Lockheed Chairman Daniel Tellep delivered the most upbeat assessment of the aerospace firm's future in years Tuesday, announcing a dividend increase and projecting continued growth in 1992.
Tellep, speaking at the firm's annual meeting, said Lockheed increased its backlog, reduced its debt and has a stable mix of major defense programs. The firm currently derives 70% of its sales from defense and 30% from non-defense business, but within several years intends to increase commercial business to 40% of its sales.
The firm has repurchased more than 1.5 million shares of its common stock as part of a plan authorized by the board to buy back 4 million shares, Tellep said.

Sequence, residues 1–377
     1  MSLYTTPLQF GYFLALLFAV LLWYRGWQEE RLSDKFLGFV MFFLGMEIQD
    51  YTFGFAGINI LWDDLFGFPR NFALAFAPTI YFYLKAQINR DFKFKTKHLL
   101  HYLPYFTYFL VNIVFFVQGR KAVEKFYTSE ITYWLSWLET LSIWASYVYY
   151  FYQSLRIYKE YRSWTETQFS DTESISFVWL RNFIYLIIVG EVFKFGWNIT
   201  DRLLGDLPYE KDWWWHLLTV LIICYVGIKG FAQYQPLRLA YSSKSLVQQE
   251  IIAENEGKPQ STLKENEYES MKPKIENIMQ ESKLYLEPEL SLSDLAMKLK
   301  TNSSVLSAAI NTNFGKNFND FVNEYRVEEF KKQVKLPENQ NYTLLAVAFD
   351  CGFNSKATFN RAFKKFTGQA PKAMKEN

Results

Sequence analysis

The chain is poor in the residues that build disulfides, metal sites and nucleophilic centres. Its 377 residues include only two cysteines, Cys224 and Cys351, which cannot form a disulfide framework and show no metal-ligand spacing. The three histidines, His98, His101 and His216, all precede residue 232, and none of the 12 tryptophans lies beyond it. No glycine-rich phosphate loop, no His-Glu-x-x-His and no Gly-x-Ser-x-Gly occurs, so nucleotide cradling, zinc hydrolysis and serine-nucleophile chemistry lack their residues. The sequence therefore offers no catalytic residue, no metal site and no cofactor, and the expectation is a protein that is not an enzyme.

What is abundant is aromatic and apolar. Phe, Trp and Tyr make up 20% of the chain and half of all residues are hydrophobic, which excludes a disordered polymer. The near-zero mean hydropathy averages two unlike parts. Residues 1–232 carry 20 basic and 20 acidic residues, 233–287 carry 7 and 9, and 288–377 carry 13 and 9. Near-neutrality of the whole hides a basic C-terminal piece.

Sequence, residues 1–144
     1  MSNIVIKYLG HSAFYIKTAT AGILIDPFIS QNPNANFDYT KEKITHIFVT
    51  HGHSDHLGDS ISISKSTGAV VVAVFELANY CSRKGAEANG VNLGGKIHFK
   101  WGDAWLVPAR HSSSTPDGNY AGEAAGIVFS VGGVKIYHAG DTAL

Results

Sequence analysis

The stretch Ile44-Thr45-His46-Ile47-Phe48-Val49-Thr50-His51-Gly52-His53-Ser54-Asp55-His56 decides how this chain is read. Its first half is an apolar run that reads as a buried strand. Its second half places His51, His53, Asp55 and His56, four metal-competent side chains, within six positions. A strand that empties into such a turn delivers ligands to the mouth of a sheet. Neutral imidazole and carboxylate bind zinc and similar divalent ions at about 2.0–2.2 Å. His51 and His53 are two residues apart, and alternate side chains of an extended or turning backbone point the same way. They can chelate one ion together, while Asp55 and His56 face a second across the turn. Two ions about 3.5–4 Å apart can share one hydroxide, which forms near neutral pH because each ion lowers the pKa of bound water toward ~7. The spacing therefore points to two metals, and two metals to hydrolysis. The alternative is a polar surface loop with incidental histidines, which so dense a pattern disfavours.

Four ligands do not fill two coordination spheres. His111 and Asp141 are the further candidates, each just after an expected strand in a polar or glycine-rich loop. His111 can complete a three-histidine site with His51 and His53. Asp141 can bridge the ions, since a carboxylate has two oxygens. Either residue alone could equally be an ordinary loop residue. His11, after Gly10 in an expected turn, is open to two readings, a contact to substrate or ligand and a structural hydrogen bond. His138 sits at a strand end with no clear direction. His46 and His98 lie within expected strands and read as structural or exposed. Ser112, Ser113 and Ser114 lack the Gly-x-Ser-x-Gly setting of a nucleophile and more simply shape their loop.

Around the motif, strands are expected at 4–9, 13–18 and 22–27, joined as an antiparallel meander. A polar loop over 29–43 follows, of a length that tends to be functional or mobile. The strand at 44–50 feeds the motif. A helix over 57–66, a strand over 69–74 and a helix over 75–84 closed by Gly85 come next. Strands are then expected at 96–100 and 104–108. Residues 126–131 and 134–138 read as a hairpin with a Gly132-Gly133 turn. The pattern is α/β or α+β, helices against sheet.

Despite the downturn in defense spending, Tellep said Lockheed's key programs--including the Trident II missile, the F-22 jet fighter and its large secret military aircraft programs--are in good shape.
The firm won a victory over foreign and other domestic spacecraft manufacturers at a recent international conference that allocated a portion of the radio spectrum to low earth communications satellites. Motorola and Lockheed are building such a system, known as Iridium.